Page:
• Here is a shocker: If I had extra money, I would think about getting a SS 29er. Mostly as a penance bike for the day after a bad ride or when I bag a ride due to laziness. No cheating hills with a single speed.
  • Wont give up my geared FS bike, but I can see where aSS might be nice to have for more variety (i.e., switching up trails and bikes) or for training.
  • A few times (long, slight uphill grade, seated) getting the bike rolling faster felt like moving a ton of bricks (might be that my legs were getting tired).
  • Most of the time though, once the bike was rolling, it kept rolling.
  • Really impressed at how (relatively) painless it was to stand and pedal those hills. I wouldnt have guessed.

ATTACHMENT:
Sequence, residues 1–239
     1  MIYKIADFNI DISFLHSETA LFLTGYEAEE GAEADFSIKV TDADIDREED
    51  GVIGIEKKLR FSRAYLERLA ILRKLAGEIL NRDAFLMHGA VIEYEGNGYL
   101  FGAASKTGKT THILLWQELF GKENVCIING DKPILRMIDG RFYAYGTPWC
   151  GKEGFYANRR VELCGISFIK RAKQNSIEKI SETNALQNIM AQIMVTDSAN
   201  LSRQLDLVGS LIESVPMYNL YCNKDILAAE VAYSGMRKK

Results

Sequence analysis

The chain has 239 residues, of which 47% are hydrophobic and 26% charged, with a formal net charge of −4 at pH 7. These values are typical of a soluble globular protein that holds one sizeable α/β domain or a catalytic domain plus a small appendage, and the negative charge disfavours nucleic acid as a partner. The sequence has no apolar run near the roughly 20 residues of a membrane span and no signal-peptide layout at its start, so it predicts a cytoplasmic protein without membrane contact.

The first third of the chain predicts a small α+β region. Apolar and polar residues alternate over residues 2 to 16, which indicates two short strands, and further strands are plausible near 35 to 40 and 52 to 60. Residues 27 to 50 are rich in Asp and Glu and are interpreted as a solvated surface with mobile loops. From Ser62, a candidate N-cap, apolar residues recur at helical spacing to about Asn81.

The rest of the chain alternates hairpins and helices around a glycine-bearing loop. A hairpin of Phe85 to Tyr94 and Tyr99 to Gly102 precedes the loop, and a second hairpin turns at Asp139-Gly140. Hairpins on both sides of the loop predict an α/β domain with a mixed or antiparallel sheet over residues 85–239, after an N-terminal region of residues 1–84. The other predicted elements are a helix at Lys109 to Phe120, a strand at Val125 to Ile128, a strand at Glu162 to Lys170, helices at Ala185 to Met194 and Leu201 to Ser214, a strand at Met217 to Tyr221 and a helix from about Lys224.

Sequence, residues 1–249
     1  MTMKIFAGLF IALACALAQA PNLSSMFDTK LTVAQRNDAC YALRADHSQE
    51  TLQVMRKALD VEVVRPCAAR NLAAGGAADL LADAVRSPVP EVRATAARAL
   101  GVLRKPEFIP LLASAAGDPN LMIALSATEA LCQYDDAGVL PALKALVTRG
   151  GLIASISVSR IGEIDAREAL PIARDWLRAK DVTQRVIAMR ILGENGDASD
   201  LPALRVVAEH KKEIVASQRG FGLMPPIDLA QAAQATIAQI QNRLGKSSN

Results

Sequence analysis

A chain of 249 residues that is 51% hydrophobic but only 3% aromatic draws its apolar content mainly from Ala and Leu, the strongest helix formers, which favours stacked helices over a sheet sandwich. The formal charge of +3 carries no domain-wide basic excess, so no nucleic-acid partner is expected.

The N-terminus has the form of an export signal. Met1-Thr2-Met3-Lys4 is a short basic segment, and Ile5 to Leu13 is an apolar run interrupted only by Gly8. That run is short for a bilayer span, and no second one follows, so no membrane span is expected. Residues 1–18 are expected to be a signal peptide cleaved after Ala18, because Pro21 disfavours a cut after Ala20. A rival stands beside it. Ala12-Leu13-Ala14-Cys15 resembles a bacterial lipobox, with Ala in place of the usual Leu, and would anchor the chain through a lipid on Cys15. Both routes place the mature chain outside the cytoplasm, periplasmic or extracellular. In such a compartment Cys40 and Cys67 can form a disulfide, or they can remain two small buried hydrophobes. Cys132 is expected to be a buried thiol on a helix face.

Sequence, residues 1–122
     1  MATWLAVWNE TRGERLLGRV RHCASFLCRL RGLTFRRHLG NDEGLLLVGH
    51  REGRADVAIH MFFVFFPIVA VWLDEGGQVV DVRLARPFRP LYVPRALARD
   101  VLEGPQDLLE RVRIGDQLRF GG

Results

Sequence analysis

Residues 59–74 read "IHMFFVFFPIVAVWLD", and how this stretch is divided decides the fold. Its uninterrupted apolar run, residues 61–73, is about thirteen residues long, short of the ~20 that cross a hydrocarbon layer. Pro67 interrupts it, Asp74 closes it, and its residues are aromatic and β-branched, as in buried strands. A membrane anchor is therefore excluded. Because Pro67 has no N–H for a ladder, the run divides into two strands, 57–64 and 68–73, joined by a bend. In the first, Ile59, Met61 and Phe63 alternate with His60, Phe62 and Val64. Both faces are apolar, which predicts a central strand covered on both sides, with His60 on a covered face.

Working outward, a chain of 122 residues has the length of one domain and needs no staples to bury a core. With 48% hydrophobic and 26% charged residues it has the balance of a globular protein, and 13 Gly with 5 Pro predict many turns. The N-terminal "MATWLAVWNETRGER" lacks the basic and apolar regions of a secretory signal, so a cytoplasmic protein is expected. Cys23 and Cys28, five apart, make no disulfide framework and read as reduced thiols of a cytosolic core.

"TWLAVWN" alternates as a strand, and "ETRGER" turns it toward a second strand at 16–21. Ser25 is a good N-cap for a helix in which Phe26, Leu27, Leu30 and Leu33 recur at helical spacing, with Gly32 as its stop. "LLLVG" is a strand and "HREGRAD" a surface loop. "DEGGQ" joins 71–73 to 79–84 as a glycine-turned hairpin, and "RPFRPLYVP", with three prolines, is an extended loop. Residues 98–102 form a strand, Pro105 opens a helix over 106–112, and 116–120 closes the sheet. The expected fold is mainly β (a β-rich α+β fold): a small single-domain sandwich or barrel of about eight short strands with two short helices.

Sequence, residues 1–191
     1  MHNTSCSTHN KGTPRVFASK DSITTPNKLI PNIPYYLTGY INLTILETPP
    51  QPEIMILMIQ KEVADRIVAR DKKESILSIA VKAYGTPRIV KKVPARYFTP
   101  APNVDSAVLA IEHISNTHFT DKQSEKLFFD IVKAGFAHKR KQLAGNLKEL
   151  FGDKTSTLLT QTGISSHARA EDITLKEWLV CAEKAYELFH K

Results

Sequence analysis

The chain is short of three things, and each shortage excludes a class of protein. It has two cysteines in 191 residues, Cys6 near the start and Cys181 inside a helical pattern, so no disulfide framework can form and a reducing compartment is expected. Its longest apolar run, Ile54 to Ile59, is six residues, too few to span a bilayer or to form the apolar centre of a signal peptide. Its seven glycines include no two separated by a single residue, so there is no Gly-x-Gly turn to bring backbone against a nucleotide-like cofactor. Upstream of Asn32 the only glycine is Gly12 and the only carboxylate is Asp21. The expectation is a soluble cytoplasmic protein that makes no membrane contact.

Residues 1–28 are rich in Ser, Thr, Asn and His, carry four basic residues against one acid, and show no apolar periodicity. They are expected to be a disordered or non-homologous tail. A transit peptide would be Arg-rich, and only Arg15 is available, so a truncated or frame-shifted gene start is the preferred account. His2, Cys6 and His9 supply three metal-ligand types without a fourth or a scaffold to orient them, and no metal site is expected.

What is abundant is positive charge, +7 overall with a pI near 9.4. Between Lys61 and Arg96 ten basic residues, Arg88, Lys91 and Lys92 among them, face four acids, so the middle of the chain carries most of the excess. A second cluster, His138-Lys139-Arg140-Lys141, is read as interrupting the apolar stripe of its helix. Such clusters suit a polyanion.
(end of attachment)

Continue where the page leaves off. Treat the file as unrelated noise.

• My casual observations have been that most folks start off with a hard tail, move to a full suspension and, if theyve caught the fever, eventually get a singlespeed.Never thought of myself progressing to the third stage but this ride has me thinking.


No shifters makes for a simple, clean, uncluttered cockpit.

Rider #3: Tom Z.

STATS – Age: 44 | Years Riding: 10 | My Bike: 2001 Gary Fisher Tassajara (hardtail, 26″ wheels, steel frame)

I don’t know why I was so surprised at how much I enjoyed my trial singlespeed ride. After all, I spent the first 13 – 14 years of my life riding a singlespeed bike. And we rode everywhere then – through woods, fields, in the clay pit behind my house. Gears were something your mom had on her bike – a 3-speed cruiser. You were a sissy if you had a 10-speed (which the rest of us were secretly envious of).